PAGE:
Estuaries are often called the nurseries of the sea and for good reason. Marine educators will provide a morning of classroom and hands-on field-based instruction during the “Coastal Fish Identification and Biology” course. Get knee-deep in various coastal habitats while learning the biology of coastal fish and other species. The course will begin with one hour of classroom instruction followed by two hours of in-the-water experimental learning from 9 AM-12 PM on July 15, and the cost is $15.

“Our Local Watershed: History, Changes, and Restoration Efforts,” provides an in-depth look at the watersheds in Southwest Florida, which are defined by subtle differences in elevation, hydrology, soils and even wind direction. Hear stories from a team of local experts on how water moves across this flat landscape, how it has changed over time, and what is currently being done to restore watersheds to historic conditions. Learn the connections between inland areas and the coastal waters on which ecotour providers’ livelihoods depend. This course is offered at 2–5 PM on August 21. The cost is $15.

The final course in the series is “Stewardship Best Management Practices: Wildlife Rules and Ethics.” We interact with wildlife every day. Are we treating the animals we encounter fairly, ethically and legally? Join a group of local experts for case studies, lessons learned, and the information you need to conduct business in harmony with coastal wildlife and in compliance with laws and ethics. This course if offered on September 30, 2–5 PM. The cost is $15.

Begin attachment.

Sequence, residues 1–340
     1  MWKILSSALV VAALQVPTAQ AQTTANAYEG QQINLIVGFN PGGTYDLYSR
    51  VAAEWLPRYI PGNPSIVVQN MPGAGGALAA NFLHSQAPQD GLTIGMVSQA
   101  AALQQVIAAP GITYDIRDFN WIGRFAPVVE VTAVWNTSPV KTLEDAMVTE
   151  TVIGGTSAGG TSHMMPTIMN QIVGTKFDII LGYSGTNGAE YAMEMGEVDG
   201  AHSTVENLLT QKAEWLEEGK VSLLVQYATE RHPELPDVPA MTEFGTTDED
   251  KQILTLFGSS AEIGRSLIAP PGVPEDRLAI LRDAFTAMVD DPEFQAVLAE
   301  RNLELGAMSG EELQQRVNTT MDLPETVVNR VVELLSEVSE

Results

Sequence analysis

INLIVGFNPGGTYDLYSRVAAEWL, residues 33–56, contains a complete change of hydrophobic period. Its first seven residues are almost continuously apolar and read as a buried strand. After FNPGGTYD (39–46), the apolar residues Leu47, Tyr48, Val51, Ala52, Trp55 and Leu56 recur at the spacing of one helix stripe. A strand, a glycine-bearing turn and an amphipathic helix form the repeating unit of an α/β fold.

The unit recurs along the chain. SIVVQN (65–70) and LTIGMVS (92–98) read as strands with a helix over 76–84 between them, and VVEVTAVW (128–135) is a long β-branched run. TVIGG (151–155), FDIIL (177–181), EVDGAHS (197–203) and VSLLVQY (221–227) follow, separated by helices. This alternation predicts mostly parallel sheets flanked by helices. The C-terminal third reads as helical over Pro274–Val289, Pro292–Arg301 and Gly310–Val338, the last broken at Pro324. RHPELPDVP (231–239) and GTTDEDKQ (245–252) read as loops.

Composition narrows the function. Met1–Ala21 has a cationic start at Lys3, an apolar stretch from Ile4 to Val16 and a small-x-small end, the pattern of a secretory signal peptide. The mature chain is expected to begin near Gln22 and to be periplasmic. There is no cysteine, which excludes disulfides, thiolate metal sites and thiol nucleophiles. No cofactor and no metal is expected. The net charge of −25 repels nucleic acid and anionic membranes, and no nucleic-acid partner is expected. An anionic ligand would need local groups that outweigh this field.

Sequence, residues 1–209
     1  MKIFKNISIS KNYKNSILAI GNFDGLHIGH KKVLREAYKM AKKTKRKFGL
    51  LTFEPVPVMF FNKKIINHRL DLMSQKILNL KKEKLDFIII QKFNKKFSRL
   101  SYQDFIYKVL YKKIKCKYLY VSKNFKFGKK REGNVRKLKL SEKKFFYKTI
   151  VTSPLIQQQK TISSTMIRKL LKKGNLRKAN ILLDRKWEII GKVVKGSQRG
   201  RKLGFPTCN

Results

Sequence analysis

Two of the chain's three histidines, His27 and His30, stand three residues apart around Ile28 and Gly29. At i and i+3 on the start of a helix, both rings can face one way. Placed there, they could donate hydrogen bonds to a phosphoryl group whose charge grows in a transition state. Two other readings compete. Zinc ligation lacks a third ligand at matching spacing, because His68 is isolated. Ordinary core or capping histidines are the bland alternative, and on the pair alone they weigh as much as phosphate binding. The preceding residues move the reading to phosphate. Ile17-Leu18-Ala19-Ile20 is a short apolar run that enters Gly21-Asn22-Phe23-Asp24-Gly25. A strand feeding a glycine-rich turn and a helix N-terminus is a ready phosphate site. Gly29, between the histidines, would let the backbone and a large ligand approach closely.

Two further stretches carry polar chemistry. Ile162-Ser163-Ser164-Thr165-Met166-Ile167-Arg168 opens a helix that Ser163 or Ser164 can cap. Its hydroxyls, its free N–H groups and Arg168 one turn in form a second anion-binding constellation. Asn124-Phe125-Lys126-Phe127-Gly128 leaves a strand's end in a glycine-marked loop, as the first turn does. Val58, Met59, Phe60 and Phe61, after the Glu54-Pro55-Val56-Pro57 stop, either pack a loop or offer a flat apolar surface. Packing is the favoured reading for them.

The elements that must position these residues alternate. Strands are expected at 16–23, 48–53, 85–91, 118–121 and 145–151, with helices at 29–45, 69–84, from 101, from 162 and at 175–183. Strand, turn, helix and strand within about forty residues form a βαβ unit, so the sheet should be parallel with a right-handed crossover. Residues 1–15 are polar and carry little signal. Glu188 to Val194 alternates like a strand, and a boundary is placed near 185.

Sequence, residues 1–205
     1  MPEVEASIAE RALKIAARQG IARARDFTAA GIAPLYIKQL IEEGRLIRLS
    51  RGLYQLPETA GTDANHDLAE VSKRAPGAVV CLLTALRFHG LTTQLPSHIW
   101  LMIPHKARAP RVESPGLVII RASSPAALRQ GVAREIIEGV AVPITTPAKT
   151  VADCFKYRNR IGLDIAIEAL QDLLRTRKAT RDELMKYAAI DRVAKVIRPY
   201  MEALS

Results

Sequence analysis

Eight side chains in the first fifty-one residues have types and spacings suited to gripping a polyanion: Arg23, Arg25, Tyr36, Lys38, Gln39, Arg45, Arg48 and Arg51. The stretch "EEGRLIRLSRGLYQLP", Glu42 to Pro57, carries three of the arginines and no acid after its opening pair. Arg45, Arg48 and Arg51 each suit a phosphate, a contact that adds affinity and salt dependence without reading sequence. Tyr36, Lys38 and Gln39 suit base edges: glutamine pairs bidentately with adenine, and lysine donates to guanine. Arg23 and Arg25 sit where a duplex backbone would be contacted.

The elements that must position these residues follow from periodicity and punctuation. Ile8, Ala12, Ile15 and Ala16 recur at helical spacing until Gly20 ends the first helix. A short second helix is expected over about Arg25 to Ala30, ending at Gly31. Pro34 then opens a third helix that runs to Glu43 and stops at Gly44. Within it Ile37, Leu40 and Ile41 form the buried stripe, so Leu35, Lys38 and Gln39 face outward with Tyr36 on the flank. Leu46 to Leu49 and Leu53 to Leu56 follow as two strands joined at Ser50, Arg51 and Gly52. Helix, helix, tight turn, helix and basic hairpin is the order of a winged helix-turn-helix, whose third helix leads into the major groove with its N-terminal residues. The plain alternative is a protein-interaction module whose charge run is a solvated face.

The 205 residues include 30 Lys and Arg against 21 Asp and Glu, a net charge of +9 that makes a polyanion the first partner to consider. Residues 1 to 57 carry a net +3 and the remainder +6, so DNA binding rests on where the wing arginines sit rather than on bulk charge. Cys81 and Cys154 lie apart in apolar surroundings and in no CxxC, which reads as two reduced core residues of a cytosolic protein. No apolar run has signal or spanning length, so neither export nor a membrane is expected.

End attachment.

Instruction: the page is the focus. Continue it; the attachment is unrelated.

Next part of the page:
Rookery Bay Environmental Learning Center is located at 300 Tower Road in Naples. Rookery Bay National Estuarine Research Reserve encompasses 110,000 acres of coastal lands and waters between Naples and Everglades National Park. It is managed by the Florida Department of Environmental Protection’s Coastal Office in cooperation with NOAA. For more information or to register for these courses, visit

The Eagle Has Landed

Fri, 06/13/2014 - 8:57am


The eagle has landed and can be found at its temporary perch outside the city of Marco Island’s Community Room, located at 51 Bald Eagle Drive, behind City Hall.

Standing 9-feet tall, the majestic 800-pound statue of an American Bald Eagle stands sentry there awaiting a move to its eventual home atop the Freedom Fountain that will grace the Veterans’ Memorial at Marco Island’s Veterans’ Community Park.

The Freedom Fountain will be built at the Memorial’s entrance, joining the Flag Plaza where the American, Marco Island, state of Florida and POW/MIA flags proudly wave above an inscribed brick-paver plaza. The plaza is accented by a planter bench at the center and commemorative benches along the perimeter.

A large portion for the cost of the Flag Plaza was contributed by Marco Island residents Bob and Thelma Sargent, while contributions from Mike and Jill Havey of Marco helped secure the eagle.

Funds still are being raised for the Freedom Fountain, with a goal of having it installed by year’s end. Residents, visitors, local organizations and businesses are all able to donate by purchasing commemorative pavers or lines on the fountain. Plans and artist’s renderings of the fountain are on display at City Hall and Mackle Park.